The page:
Imagine a non-profit organization’s devotion to a measure on an upcoming election ballot. The stakes are high. The amount of work required to have an edge is endless. There are no 40-hour work weeks. Late nights, creativity, teamwork, and resourcefulness are required. The members of this team develop camaraderie through the collective experience. The push leading up to the election resembles a semester course: the timeline may be limited but the outcomes will be lasting.
So how do we create this environment in the classroom? First we have to convince students that the stakes are much higher than grades. There are a number of ways to accomplish this: current events, service learning, community outreach, simulations, games, undergraduate research, etc. If students buy into the outcomes of these goals, then they will have a purpose in the class other than “the grade.” A second step is to show students that their semester in the class is a unique experience. When curricular courses are taught by professors the same way each time, there is nothing special about being in a particular section in a given semester. I’m not saying that professors have to start completely from scratch. Framing a course around an unique objective can help students bond and place their efforts into something far greater than their individual pursuits.
The dynamic series of events at UVa in June have come to represent a critical debate at the heart of higher education in the 21st century: progress vs. tradition. The Washington Post effectively summed this up in their characterizations of Dragas and Sullivan. In the coming months, many colleges and universities will likely reflect on the events in Charlottesville as they determine what type of institution they want to be. Beneath the concerns of finance, relevance, and reputation, it will be extremely important to remember who stands to gain or lose the most in these decisions: the students.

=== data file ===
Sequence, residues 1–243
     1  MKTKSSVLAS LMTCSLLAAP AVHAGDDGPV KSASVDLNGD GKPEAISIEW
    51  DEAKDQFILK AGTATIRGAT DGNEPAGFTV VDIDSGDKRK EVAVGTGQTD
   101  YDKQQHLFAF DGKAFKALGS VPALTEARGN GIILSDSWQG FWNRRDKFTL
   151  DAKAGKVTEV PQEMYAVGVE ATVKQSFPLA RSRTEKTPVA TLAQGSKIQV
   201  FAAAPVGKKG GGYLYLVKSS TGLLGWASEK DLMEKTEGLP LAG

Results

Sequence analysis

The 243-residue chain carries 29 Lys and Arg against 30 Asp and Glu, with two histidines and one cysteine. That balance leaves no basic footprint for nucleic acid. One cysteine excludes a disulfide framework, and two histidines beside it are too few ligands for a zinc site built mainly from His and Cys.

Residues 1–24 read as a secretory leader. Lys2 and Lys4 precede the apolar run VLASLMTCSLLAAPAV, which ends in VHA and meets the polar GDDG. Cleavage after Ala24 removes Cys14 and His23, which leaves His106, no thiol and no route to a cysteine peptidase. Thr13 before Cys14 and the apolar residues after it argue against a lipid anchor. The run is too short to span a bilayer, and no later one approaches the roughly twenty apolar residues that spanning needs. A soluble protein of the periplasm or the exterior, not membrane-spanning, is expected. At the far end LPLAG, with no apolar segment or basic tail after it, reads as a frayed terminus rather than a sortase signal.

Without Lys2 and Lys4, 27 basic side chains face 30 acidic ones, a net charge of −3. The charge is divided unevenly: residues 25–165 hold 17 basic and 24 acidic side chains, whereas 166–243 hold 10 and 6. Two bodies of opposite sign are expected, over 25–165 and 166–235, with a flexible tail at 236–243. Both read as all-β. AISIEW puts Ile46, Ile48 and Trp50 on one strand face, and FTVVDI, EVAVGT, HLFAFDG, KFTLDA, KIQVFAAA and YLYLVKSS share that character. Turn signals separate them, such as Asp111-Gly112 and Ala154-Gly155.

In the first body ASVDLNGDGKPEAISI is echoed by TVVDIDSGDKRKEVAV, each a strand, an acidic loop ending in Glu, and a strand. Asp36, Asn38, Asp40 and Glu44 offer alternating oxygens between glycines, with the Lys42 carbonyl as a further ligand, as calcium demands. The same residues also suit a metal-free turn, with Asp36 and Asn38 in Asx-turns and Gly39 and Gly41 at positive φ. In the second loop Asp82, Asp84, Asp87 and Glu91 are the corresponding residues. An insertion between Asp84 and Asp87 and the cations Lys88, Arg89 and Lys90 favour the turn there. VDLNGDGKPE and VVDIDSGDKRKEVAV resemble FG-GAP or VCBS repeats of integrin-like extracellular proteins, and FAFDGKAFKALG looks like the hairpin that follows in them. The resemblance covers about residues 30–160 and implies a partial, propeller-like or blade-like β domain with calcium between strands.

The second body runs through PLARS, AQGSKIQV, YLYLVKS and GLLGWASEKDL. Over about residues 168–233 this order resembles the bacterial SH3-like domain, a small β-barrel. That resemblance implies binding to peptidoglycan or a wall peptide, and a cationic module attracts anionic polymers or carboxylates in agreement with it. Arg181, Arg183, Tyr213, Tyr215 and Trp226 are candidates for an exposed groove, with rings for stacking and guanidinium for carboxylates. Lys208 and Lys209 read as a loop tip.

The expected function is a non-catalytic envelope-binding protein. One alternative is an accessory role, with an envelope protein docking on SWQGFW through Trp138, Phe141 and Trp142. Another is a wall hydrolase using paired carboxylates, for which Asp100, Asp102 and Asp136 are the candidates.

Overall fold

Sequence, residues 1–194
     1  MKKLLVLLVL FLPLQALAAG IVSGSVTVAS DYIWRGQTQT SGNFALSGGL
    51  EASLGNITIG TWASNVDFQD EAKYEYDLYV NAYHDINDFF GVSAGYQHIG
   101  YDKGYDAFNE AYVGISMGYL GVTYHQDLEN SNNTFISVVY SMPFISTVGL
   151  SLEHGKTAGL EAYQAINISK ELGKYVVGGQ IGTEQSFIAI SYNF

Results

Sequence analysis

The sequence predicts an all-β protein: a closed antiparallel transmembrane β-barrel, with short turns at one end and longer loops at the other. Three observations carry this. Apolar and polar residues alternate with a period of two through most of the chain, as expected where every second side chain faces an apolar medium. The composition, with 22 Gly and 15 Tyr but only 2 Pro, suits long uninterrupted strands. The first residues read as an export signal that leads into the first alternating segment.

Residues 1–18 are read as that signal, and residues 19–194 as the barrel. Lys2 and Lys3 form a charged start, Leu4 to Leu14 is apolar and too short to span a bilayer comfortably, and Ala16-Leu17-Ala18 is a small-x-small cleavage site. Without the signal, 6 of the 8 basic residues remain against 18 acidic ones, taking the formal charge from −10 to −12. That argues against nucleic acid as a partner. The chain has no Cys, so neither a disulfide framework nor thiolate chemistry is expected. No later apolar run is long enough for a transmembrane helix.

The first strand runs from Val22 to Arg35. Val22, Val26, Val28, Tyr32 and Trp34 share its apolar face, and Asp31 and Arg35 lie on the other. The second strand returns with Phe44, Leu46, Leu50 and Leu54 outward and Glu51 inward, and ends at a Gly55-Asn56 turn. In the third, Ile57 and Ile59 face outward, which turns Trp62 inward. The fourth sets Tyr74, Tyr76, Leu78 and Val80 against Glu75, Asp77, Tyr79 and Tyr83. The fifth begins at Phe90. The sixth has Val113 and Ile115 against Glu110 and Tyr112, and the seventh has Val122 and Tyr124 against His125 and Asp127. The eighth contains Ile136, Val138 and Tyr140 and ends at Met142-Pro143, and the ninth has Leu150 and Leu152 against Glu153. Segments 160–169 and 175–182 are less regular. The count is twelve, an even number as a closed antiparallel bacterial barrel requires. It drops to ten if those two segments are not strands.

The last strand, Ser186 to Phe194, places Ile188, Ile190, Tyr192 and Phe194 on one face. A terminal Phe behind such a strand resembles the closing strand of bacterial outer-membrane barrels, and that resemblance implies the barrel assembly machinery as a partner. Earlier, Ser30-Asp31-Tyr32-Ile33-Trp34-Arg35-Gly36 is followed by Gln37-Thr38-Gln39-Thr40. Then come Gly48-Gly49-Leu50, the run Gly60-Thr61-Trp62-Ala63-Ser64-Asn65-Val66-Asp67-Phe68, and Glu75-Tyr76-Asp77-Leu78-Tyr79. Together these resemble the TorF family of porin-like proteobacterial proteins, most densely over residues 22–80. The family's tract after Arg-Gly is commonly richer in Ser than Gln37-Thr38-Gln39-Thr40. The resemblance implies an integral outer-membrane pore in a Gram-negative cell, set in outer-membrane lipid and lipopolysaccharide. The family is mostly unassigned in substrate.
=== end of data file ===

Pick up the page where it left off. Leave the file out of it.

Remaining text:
On one side of the discussion is the competitiveness and stability of the institution in an ever-changing, global marketplace. Students are commonly addressed by assessment, graduation, and job placement data in response to insecurities about declining government aid, rising student debt, skill competition with students in developing countries, and a sluggish job market. Streamlining the cost effectiveness of course delivery and updating the learning platforms for the millennial mindset may prove to be successful adaptations to these concerns. But what aspect of the college experience is compromised? I’m not sure if I know the answer to this, but I suspect it’s something intangible that sparks creativity and shapes character.
On the other side of the conversation is the priceless and timeless magic that has defined higher education for centuries. The environment that honors the free and open quest for knowledge, inspiration, and discovery and that celebrates the ideas of departments, students, and faculty, not what they generate in terms of dollar signs and academic market share. But a stubborn allegiance to traditions may compromise much for our students. Whereas the collegiate campus provides a supportive environment for learning and tolerance, our students will not always be there. If students are not prepared to take the first steps after graduation to build a future that supports life-long learning and meaningful engagement with their communities, tradition will need a significant make over.
The proper formula is still a mystery. But as these debates continue, students should drive the rhetoric.